Hard Work Eases Heartbreak For This Sigma Gamma Rho Soror
By Tanay Hudson
If you turn on Power 92.3 on a Saturday afternoon in Chicago, IL, you will hear the warm, vibrant voice of radio personality, Jade Lucas. Her energy is jubilant, and even when she’s off the air, her voice sounds like she’s always smiling. But during the early beginnings of the 26-year-old’s career she had experiences that could have broken that lively spirit.
After being encouraged to take her talents to the FM dial by professors who loved her voice, Lucas began hosting a hip-hop show at Indiana State’s radio station WSIU. After being initiated into Sigma Gamma Rho Sorority in the spring of 2008, her tenure at Indiana State was cut short when she transferred to Purdue University. She continued her quest to launch her radio career and began interning at Power 92.3 in the summer of 2010 in the promotions department. During her run, she made sure to stand out from the pack of unpaid workers.
“I stuck around during the times I didn’t have to be there,” the Gary, IN native said. “I did whatever they wanted me to do. I was always around learning and absorbing. I worked with our street team a lot, answered phones, interacted with listeners, wrote scripts for commercials, voiced commercials. I did whatever they wanted to do. ”
Even after her internship was over, she kept going to the station to help in any way that she could. By January of 2011, which was her junior year, she was hired as a board operator. But that didn’t keep her off the airwaves. Lucas kept lending her voice to commercials, which caught the attention of her program director. When the opportunity arose for her to host an overnight show, she jumped at it.
Her career continued to flourish but in 2012, she rode on an emotional rollercoaster. First, she lost her father.
“It was a tough time and I was a tough person to deal with emotionally,” she said. “You don’t know how to feel. You’re trying to grieve but never had to grieve on this level before.”
Though losing her father was an emotionally crippling experience, Lucas found solace in being on the mic.
“Radio ended up being therapeutic for me. I lost him and I took a day off after then I went back to work because that was the only place where I didn’t have to think about it.The studio was a therapeutic place for me.”
Ironically, with her loss came again. Shortly after her father’s death, she found out that she was pregnant with her first child with her soon-to-be husband, Keenon, who she also married in the fall of 2012.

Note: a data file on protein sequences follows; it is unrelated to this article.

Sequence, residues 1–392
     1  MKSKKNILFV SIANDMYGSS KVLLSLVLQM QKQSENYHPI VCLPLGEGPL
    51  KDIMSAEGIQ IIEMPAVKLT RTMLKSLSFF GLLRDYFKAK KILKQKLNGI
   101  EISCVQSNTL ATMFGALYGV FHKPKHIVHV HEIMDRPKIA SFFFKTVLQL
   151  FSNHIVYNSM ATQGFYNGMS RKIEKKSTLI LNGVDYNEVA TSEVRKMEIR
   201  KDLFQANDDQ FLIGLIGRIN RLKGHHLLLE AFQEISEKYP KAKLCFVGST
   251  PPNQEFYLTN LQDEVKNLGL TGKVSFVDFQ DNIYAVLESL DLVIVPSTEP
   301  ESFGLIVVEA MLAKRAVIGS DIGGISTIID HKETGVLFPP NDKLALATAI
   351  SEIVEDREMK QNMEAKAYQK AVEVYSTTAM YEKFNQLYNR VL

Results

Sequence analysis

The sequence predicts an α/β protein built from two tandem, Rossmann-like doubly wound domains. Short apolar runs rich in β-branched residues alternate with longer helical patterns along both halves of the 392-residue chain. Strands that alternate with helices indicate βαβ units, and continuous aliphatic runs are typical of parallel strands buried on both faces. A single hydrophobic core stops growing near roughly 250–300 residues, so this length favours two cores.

Instead of taking a hiatus to deal with her loss, Lucas kept working, which didn’t sit well with Mr. Lucas.
“I worried as a man should for his woman but at the same time I reassured her that whatever you feel like you can’t do let me know,” her husband said. “Don’t keep that on your soul because it’s not about you doing it by yourself.”
He supported his lady as much as he could, even putting her in his barber chair and doing her hair whenever she needed.
Lucas was grieving but then had to prepare herself to be a mother and wife, all while still
in college at Purdue. She still attended school throughout her pregnancy and gave birth to her son, Klein, in March of 2013.
“I had [my son] on a Thursday and I was back at school on a Tuesday.” She continued, “I had a baby two months before graduation. Looking back I don’t even know how the hell I did that.”
A year after graduating from Purdue with her bachelor’s degree in general communications, Lucas moved up from the overnight shift to being on-air hosting a hip-hop and R&B show on Saturdays from 2:00 p.m to 6:00 p.m. She also serves as a producer for two other R&B shows.
For Lucas, the come-up wasn’t easy. She called the Power 92.3 station for three months before getting recommended by Kappa frater Dwayne Washington, who worked at the station. She credits her progressiveness to her faith in God.
“I believe He waits until our minds and hearts are prepared before He sends the opportunities our way. You may think you’re ready for something and you have no idea what you are asking for.”
To break into a competitive field like radio, she says persistence and being a team player is key.
“Don’t expect to start out as a star in the movie. Being a supporting actress or actor is beautiful. It will bring out the best in your character.”